Spotting opportunities for change

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Pessimism about the ability of people to make profound changes in their ways of being at work and at home is embedded in our discourse, not only about others, but about ourselves.

  • “I am too old to change” is something we start to say about ourselves from about age 30 or 35.
  • “He is too set in his ways” is something we hear managers say repeatedly when talking about the need to change how someone in the team relates to the others.
  • “You may be able to smooth the rough edges a bit, but she will find it too painful to behave in ways that contradict her basic personality”, is something I have heard before.
  • “A leopard can’t change his spots” is a common way of suggesting that behaviour is fixed, and it’s a waste of time trying to get people to be different – and even if they do change for a while, their old behaviour will reassert itself under stress.

This pessimism is reinforced by the use (perhaps misuse) of personality tests that tell us who we are  and tell managers what they can reasonably expect from us. Myers-Briggs tells us in four letters whether we are introverts or extroverts, decisive or giving, demanding or accommodating, or conservative and old school.  So that’s who we are, and managers learn to work with and around these traits.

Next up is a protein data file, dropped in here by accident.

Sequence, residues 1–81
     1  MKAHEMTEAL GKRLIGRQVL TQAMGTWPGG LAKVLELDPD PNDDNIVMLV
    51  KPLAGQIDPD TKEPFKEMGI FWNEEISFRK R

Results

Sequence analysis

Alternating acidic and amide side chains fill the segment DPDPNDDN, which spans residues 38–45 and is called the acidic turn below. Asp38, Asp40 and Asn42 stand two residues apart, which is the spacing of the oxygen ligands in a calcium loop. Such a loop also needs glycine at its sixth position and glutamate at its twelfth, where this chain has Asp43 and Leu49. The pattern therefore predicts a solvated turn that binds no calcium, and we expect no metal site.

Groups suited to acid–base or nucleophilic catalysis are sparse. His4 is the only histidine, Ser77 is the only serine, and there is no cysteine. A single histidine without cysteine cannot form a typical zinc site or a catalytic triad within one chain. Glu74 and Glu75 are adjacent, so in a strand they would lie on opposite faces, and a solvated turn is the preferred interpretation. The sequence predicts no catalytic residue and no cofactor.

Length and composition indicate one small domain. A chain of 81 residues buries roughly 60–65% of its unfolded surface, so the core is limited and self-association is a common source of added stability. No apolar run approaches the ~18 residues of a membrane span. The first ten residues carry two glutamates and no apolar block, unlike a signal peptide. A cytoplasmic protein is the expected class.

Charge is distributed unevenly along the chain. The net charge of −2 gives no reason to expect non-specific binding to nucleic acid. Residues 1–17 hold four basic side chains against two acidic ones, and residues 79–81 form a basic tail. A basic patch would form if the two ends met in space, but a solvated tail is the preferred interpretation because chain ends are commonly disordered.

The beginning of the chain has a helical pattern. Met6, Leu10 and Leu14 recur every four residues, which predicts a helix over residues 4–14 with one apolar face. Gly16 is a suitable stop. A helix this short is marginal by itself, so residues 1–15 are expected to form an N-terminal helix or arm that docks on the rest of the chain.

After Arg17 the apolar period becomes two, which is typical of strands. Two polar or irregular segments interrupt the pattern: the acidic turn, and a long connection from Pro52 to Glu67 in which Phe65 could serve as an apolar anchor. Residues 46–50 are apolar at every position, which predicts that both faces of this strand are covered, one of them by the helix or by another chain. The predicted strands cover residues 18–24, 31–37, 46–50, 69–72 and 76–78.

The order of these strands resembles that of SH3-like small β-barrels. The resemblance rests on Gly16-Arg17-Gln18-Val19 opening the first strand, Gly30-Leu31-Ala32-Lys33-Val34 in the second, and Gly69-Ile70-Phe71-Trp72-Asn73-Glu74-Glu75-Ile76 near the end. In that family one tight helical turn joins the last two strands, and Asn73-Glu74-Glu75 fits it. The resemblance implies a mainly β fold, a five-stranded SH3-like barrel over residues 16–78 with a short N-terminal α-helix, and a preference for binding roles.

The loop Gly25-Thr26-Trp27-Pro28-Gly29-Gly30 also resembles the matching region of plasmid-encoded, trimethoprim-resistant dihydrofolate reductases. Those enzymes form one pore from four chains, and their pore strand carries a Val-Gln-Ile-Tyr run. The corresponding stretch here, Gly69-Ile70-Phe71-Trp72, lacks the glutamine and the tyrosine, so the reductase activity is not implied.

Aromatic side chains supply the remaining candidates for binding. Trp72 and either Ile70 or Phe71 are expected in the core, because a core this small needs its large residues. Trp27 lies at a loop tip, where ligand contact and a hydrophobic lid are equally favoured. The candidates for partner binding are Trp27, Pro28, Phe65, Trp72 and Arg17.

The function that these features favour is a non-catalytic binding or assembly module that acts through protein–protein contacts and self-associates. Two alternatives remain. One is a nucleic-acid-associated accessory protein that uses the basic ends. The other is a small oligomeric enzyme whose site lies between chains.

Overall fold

AND YET, from my own experience over decades, I have quite often seen something quite different and much more optimistic.

Emma is a West African working in an International development agency.  She comes to coaching because she has been told that while she deserves to be promoted, she needs to moderate her overly assertive behaviour towards her colleagues, particularly in meetings where she argues tenaciously to have her way of doing things implemented. She describes herself as “a bully”.

 In coaching conversations, it emerges that Emma is passionately committed to her work, and fears failure above all else.  She needs to get her way or things just won’t work, or might not work, which is too big a risk. She sees herself as a “lone warrior” – and for a lone warrior even a single defeat means (metaphorical) death.  Over months she comes to see that building bridges and building teams is more effective than going into battle all the time.  She learns to listen, to intervene occasionally and to let others take the lead. Sometimes she acknowledges she is wrong, or simply lets things go without disastrous consequences. She describes this as a “life changing experience” and takes pride in the leadership of others.

I have seen versions of this profound change in colleagues confronted with “sink or swim” moments, or where the challenge of meeting their career goals has forced them to make difficult changes, or simply when exposed to a quite new set of experiences that fundamentally challenge what they have always “known”.

In 1982 developmental psychologist Robert Kegan published a profound thesis on how individuals evolve throughout their lives, through a series of stages.  Between these stages are moments of “evolutionary truce” where the “personality” is in harmony with the individual’s stage of development.  The requirements of the next stage of development disrupt the truce, and a difficult process of change follows. People may get “stuck” in phases that are not appropriate to their stage of life, causing great stress and dysfunction.

It is a convincing, if sometimes difficult argument for the possibility of continual growth and development, aided, when necessary, by skilful therapeutic interventions.